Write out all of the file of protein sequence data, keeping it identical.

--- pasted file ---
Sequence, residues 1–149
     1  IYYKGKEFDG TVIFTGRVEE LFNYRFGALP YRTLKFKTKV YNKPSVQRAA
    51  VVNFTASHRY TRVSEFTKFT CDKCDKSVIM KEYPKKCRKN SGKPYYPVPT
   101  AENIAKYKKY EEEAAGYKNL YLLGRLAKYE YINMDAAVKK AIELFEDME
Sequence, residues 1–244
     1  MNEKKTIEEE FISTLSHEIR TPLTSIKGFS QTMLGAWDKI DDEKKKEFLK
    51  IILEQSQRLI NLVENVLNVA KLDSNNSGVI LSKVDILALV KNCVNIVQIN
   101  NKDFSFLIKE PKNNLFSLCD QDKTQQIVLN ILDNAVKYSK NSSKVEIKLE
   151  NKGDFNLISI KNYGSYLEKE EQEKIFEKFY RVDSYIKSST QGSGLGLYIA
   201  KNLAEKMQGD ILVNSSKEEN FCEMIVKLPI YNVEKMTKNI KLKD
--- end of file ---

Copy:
Sequence, residues 1–149
     1  IYYKGKEFDG TVIFTGRVEE LFNYRFGALP YRTLKFKTKV YNKPSVQRAA
    51  VVNFTASHRY TRVSEFTKFT CDKCDKSVIM KEYPKKCRKN SGKPYYPVPT
   101  AENIAKYKKY EEEAAGYKNL YLLGRLAKYE YINMDAAVKK AIELFEDME
Sequence, residues 1–244
     1  MNEKKTIEEE FISTLSHEIR TPLTSIKGFS QTMLGAWDKI DDEKKKEFLK
    51  IILEQSQRLI NLVENVLNVA KLDSNNSGVI LSKVDILALV KNCVNIVQIN
   101  NKDFSFLIKE PKNNLFSLCD QDKTQQIVLN ILDNAVKYSK NSSKVEIKLE
   151  NKGDFNLISI KNYGSYLEKE EQEKIFEKFY RVDSYIKSST QGSGLGLYIA
   201  KNLAEKMQGD ILVNSSKEEN FCEMIVKLPI YNVEKMTKNI KLKD